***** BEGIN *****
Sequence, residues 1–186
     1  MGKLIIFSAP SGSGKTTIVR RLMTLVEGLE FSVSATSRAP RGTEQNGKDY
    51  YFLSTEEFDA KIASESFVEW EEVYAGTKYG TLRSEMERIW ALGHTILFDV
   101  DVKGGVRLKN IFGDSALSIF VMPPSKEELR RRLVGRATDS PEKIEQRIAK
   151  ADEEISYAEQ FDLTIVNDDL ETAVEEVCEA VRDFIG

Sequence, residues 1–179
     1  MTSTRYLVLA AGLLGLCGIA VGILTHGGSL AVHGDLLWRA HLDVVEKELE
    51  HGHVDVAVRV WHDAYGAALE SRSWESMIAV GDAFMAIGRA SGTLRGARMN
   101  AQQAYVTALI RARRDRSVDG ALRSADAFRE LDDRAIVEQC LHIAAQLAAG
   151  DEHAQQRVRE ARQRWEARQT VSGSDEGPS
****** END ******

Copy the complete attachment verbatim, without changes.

Sequence, residues 1–186
     1  MGKLIIFSAP SGSGKTTIVR RLMTLVEGLE FSVSATSRAP RGTEQNGKDY
    51  YFLSTEEFDA KIASESFVEW EEVYAGTKYG TLRSEMERIW ALGHTILFDV
   101  DVKGGVRLKN IFGDSALSIF VMPPSKEELR RRLVGRATDS PEKIEQRIAK
   151  ADEEISYAEQ FDLTIVNDDL ETAVEEVCEA VRDFIG

Sequence, residues 1–179
     1  MTSTRYLVLA AGLLGLCGIA VGILTHGGSL AVHGDLLWRA HLDVVEKELE
    51  HGHVDVAVRV WHDAYGAALE SRSWESMIAV GDAFMAIGRA SGTLRGARMN
   101  AQQAYVTALI RARRDRSVDG ALRSADAFRE LDDRAIVEQC LHIAAQLAAG
   151  DEHAQQRVRE ARQRWEARQT VSGSDEGPS